2016 is here and many of us are trying hard to keep our new year’s resolutions. Some folks may have already given in and fallen back on old habits but that’s okay – pick up and start again.
Perhaps saving money and leading a more financially responsible life was the goal. if so then surely by now there have been tempting opportunities to break this resolution for even the most mindful and devoted of promise keepers. If such is the case and irresponsible spending has occurred, rest assured the resolution to save more money can be swiftly placed back on track. Here are some ideas to get started:
Many people neglect to take simple albeit proactive measures to reduce the monthly utility bills. Simply going around and helping to seal cracks in doors and windows as well as cutting down on water usage can equate to a surprising amount of money saved over the course of a year. In addition, millions of people don’t realize they live in deregulated and competitive energy markets across North America. Renters and homeowners can click here to see if they live in such a region and can consequently cut costs on energy per kilowatt hour.
Americans throw away on average between 14-25% of the food and drinks purchased every year. It’s a complete and utter waste of resources and also a huge waste of money. Think of the thousands which could be saved by being smarter about food buying choices. Bottomline: know what gets eaten and what doesn’t. Experiment in small doses when it comes to getting kids to embrace fruits and veggies. Stick with what they like. Furthermore it’s a good idea to attempt as many dishes as possible with a core list of ingredients. This ensures the most gets used and the less thrown out.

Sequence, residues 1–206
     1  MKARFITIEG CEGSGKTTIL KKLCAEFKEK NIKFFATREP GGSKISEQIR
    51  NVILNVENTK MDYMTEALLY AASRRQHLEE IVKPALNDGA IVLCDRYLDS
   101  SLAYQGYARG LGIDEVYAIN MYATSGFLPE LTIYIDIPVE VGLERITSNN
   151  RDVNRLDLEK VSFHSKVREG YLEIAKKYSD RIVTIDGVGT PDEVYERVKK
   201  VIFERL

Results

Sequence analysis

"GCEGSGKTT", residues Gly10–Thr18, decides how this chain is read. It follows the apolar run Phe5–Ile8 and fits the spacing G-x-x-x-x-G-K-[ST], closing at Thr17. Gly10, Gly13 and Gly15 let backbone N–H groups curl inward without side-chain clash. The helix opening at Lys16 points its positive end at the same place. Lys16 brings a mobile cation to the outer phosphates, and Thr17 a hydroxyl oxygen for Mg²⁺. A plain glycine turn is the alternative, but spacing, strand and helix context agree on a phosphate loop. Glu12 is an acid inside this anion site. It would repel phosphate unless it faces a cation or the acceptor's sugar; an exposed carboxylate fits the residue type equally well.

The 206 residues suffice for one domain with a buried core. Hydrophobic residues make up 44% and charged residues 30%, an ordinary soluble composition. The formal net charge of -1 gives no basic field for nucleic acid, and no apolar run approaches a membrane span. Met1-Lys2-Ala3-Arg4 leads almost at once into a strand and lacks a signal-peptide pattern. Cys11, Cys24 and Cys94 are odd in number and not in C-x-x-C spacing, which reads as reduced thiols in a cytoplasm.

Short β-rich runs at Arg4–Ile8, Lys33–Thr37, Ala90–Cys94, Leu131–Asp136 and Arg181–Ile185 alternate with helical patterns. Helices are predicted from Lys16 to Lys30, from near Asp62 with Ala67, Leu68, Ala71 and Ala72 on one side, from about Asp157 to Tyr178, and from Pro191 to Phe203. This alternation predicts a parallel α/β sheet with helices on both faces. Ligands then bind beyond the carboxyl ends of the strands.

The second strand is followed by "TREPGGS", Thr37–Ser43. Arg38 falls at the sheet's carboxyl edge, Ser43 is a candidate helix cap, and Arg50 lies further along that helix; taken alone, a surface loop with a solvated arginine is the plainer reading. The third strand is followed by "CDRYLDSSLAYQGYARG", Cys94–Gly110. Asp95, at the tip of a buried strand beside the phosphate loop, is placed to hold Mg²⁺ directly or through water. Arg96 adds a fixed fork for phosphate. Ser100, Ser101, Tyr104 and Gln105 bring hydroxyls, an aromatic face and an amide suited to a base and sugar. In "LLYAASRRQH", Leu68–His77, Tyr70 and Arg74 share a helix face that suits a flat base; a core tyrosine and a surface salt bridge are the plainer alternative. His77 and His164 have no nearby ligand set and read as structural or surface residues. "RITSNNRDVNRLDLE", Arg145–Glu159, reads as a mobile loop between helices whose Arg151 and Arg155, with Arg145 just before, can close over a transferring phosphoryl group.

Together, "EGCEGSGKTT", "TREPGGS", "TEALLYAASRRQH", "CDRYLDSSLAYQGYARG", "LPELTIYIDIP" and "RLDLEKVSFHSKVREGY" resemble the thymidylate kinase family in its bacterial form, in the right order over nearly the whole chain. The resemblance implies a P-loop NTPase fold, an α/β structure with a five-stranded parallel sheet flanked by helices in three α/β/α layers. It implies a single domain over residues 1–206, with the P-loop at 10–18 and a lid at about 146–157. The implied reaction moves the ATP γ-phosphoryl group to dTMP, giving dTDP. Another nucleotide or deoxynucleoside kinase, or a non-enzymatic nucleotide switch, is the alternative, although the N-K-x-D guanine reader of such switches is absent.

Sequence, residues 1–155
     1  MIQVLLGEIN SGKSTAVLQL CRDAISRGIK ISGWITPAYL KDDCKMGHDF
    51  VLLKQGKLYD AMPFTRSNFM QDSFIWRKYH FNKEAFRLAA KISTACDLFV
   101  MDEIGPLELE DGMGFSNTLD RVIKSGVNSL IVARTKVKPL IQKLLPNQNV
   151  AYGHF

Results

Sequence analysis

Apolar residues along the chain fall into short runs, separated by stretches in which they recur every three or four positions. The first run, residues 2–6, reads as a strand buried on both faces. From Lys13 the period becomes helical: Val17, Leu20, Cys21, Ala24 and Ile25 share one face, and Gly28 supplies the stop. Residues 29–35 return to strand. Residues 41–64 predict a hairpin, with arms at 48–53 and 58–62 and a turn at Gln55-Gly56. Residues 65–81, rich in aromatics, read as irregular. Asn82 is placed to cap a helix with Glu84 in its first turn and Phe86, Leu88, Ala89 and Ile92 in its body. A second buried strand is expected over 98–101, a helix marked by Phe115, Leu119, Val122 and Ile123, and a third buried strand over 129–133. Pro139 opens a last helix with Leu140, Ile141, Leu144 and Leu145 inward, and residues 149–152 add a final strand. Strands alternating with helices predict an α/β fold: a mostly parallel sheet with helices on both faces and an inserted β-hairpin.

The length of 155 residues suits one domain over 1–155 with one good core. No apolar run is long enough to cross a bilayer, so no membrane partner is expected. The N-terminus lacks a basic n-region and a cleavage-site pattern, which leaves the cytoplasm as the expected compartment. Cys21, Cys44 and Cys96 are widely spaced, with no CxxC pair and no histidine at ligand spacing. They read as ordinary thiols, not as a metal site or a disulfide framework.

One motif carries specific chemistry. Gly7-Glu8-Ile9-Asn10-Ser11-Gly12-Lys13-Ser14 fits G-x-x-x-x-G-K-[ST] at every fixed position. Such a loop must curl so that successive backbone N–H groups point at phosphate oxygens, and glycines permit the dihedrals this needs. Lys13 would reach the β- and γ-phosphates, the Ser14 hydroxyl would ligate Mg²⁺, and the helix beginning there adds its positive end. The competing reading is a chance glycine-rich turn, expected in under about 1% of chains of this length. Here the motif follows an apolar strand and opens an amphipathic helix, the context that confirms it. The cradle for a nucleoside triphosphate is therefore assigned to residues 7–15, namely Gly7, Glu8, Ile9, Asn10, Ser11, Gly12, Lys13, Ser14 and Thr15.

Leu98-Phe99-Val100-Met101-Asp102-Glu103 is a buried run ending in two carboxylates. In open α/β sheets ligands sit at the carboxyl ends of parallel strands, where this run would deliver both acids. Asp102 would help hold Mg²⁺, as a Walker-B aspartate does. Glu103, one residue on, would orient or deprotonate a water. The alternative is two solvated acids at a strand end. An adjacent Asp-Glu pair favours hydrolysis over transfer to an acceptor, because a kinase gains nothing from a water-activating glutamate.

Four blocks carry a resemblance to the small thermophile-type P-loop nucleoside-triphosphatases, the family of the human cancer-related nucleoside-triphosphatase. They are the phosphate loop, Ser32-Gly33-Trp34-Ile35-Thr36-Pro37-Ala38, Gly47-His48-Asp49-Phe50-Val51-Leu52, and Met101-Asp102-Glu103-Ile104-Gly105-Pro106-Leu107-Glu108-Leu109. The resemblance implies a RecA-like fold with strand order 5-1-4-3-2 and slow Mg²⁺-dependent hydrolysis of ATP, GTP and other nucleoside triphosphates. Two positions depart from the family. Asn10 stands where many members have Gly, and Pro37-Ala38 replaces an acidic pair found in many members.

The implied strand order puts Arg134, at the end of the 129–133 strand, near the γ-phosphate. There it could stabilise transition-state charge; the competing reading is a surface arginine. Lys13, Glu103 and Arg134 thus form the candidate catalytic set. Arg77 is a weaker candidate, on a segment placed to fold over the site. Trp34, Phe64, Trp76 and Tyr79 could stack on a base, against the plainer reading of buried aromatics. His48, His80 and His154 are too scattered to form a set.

Fun and Fitness
Unless you’re an ardent user or are determined to become one it’s probably a good idea to cancel that gym membership if possible. Exercising without equipment at home or outdoors is underrated and completely feasible. Again, there’s no need to throw out a well-used fitness center membership especially if it’s the motivating factor, but who really uses them? Additionally, take efforts to cut down on the monthly costs of having fun. Yes, it sounds like a buzz kill move, but simply budgeting your time off is enough to cut out commonly overlooked expenses associated with recreational activities.
The following technique making the rounds via social media is a neat way to build up a little over $1300 in the course of a single year. Match each week of the year with an equal sum of dollars: week one = one dollar, week two = two dollars, and so forth. It amounts to an average of $108 or so saved each month without the strain of coming up with it all at once. This savings vein comes in handy during the holidays when credit cards and other pricey alternatives are otherwise used, or can be rolled over into next year.
New year’s resolutions are hard to keep by their very nature, but if saving money is the promise being kept for 2016 there are ways to make it easier. Monitoring costs across the board, evaluating seemingly must-have products and services, approaching spending in a practical form with a long-term outlook, and saving creatively will increase the odds of this resolution staying true to form for the next 12 months and beyond.